"[A] resonant tale . . . [and] a self-searching meditation . . . An illuminating contribution to the literature of race and racism in America." —Kirkus Reviews (starred review)
"A violent legacy stirs a deep meditation on the nature of racism in this anguished study of Civil War–era New Orleans . . . [Edward Ball] vividly reconstructs the mindset that propelled [his great-great-grandfather]—a resentful, working-class striver nostalgic for his family’s formerly privileged position atop New Orleans’ complex racial hierarchy—into racist activism . . . The result is a clear-eyed work of historical reclamation and an intimate, self-lacerating take on memory and collective responsibility." —Publishers Weekly (starred review)
“The author of the National Book Award–winning Slaves in the Family returns with a powerful, horrifying history of a family and a nation . . . Ball assembles a compelling, nuanced story . . . [Life of a Klansman] is sober, dominated by a deep sense of shame and outrage, and intentionally disquieting. It won't be a comfortable reading experience, and it's not meant to be, but it’s a necessary one.” —Margaret Quamme, Booklist (starred review)
"Spanning most of the 19th century, Life of a Klansman is a nuanced case study of one cog within a machine of terrorism and oppression . . . [a] nuanced biography . . . In flexing his imagination, Ball creates a dynamic space for challenging reconciliation, breaking from the narrative periodically to reflect with empathy for family members acting in ways he abhors, yet never absolving them." —Shelf Awareness (starred review)
"There is no other writer of nonfiction about race writing today who has taken us deeper into our greatest national and familial dilemma than Edward Ball. Life of a Klansman is a deeply personal history, a brave work, and a lodestar for how we have arrived at yet another reckoning about white supremacy. Ball demonstrates here, for all who wish to try, just how to face, narrate, and understand our past even when we find ancestors and stories we might wish away. In his work, he allows for no looking away, and he does so in lyrical prose." —David W. Blight, Sterling Professor of History at Yale University and Pulitzer Prize–winning author of Frederick Douglass: Prophet of Freedom
"In this compelling narrative of the life of a klansman, Edward Ball reckons with the history of whiteness that has shaped the U.S. and which is his personal inheritance. Ball confronts the violence and hatred at the foundation of white authority and privilege by recounting his great-great-grandfather’s worldview and acts of brutality. It is easy to recoil from the ugliness documented in these pages; much more difficult is the task of acknowledging that murder and terror are the bedrock of the nation. Life of A Klansman is a must-read, now more than ever." —Saidiya Hartman, professor of English and comparative literature at Columbia University and author of Wayward Lives, Beautiful Experiments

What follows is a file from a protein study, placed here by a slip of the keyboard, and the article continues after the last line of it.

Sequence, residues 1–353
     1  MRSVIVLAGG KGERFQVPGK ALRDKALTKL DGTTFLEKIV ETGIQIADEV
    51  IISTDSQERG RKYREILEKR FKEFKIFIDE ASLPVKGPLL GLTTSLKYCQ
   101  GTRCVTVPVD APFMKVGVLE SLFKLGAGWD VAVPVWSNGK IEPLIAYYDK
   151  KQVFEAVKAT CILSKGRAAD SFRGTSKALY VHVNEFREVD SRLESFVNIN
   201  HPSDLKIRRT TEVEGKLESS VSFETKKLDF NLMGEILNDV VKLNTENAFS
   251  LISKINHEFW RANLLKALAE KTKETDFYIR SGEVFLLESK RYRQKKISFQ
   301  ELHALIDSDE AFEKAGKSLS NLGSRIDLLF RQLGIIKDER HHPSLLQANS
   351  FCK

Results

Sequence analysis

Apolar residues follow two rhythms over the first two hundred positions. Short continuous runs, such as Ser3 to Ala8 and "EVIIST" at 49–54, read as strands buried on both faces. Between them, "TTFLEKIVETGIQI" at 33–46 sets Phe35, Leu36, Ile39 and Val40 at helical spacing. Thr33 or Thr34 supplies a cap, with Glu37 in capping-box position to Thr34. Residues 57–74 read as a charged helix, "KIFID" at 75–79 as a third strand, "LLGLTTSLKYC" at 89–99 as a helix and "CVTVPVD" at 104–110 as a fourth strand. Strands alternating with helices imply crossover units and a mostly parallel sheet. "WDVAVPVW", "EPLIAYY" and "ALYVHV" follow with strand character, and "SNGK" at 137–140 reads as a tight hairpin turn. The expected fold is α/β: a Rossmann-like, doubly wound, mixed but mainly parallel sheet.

“If you are a white American, Edward Ball calculates, the odds that you have a Klansman in your family tree are one in two. In this singular work of imaginative reconstruction, Ball brings his own family's Klansman out of the closet and into the light. With a detective’s tenacity, Life of a Klansman personalizes the terror of white supremacy as it builds toward a crescendo that sears the soul.” —Nancy MacLean, William H. Chafe Distinguished Professor at Duke University and author of Democracy in Chains: The Deep History of the Radical Right’s Stealth Plan for America and Behind the Mask of Chivalry: The Making of the Second Ku Klux Klan
"Edward Ball’s fascinating Life of A Klansman escapes genres. His art combines imagination and history to tell the story of the sometimes brutal, often mundane, life of his ancestor, a New Orleans carpenter who became 'our klansman.' Delicately balancing empathy and disgust, he examines the chokehold whiteness and white supremacy have fastened on public memory." —Richard White, Margaret Byrne Professor of American History at Stanford University and author of The Republic for Which It Stands